I had rented the upstairs of my house to another friend of a friend, and he lived there for nine years. In that time frame, we became the best of friends. We had a lot in common and I would often go up and visit him to just talk about the state of the world or he would come down to my living quarters and would do the same thing. Of course, we always drank together when we did this.


One evening, he had not shown up for work in a day’s time and his co-workers came to the house to find him. I ran up the stairs and found him dead on the floor of his apartment. He was 46 years old and had died from a massive heart attack. This really threw me for a loop and that is the point that I can recognize now that my drinking really started to get out of control. I would have dreams about his dead body laying on my floor and could not sleep. So, I tried to drown out the madness.


I was laid off from my good job and had to take several jobs to make the money to buy more alcohol. I had several sales positions and eventually was cleaning beer taps for a beer distributor. Boy was that throwing Daniel into the lion’s den!


I was now taking a 1 mg Xanax in the morning, 1 pill at noon, and then going out to happy hour every evening. I still would not mix the pills and my drinking. I had lost caring in many things, but I knew how dangerous this was and would not do this to myself. I guess some fight was still in me at the time. However, terrible things were happening, but I really did not care or feel the reverberations or warning signs of these feelings. I ended up losing my house and tried to run away to another city. I was taken in by one of my good friends from college and his most wonderful wife.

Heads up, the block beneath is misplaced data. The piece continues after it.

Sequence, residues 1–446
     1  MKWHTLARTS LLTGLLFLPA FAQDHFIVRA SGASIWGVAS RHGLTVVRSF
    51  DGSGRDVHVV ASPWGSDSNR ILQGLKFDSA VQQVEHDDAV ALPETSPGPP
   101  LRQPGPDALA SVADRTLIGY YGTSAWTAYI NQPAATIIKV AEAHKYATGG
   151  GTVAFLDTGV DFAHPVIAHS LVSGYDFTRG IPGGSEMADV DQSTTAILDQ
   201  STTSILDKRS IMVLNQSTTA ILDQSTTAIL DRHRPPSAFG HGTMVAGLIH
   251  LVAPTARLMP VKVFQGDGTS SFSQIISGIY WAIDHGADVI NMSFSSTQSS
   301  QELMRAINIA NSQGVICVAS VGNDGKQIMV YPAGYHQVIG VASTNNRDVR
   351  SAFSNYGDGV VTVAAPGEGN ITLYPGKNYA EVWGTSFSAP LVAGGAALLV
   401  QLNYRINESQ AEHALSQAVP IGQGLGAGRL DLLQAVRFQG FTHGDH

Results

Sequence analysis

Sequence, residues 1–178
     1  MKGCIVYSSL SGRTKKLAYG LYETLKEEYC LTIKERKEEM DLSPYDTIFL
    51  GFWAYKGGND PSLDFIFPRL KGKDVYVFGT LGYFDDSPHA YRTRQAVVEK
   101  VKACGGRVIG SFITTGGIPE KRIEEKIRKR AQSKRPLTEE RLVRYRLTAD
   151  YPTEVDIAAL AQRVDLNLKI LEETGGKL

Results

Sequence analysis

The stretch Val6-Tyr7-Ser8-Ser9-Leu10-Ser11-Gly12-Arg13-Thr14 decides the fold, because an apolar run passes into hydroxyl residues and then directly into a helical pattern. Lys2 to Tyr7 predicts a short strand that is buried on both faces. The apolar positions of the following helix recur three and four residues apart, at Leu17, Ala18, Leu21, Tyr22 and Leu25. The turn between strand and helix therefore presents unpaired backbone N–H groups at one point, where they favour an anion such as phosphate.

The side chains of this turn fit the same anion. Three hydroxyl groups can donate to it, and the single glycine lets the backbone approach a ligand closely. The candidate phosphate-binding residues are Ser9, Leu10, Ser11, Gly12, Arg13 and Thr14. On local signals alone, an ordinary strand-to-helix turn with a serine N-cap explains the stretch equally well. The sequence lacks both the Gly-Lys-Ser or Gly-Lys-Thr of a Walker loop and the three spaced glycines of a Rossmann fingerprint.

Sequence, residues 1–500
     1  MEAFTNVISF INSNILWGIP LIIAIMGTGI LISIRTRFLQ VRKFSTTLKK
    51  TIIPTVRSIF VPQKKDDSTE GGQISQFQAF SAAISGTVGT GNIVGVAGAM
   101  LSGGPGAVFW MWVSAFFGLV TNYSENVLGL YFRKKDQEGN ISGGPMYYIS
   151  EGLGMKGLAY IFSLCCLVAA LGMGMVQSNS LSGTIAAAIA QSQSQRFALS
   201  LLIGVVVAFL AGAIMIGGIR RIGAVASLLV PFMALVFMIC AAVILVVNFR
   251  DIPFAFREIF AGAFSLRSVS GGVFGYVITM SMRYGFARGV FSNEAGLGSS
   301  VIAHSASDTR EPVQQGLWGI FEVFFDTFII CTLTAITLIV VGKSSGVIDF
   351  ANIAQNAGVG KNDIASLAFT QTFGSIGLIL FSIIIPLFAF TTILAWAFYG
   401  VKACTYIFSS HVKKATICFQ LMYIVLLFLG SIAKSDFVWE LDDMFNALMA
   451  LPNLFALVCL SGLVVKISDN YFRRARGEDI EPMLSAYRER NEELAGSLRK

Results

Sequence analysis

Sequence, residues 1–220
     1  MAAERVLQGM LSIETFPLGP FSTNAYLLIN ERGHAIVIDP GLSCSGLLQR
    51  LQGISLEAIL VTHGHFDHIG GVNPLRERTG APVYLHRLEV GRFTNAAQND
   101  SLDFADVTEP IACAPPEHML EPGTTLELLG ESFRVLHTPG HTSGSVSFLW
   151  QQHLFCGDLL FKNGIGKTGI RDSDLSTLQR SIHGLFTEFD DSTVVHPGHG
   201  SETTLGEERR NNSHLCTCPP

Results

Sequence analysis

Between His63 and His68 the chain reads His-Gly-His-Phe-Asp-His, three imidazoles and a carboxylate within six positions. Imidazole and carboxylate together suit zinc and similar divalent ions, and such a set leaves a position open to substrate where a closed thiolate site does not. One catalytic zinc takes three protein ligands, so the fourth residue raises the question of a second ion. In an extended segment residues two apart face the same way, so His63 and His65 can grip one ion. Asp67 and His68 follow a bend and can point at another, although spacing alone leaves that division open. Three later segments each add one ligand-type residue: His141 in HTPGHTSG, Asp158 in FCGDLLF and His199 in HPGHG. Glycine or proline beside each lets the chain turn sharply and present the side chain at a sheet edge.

Of course, I did not care much and took advantage of this situation. They eventually gave up on me and I was asked to leave. Two weeks later, my mother had a massive stroke, and I came home to help her and my father, who had never cooked a day in his life. Despite what some people thought, I lived there in the house trying to help my parents and did not touch a drink of alcohol for the time that I was there, which was three months.


When I had moved back in with me parents, I had filled my Xanax prescription in the larger city and had ran out of this pill when I had moved home. I went to have it refilled and the pharmacist would not fill it, saying, “It is a federal law that you cannot fill this prescription in one place and then refill it at another pharmacy. I still had two refills left on the prescription and I had no knowledge that I could not receive my pills or that a law like this even existed.


I was supposed to visit a doctor before they would fill it. This was at 6:00 P.M. on a Friday evening. I was told to go to the emergency room, but I had no insurance and could not afford that. So, I decided to tough it out during the weekend. How bad could it get? Talk to you soon and come back for more.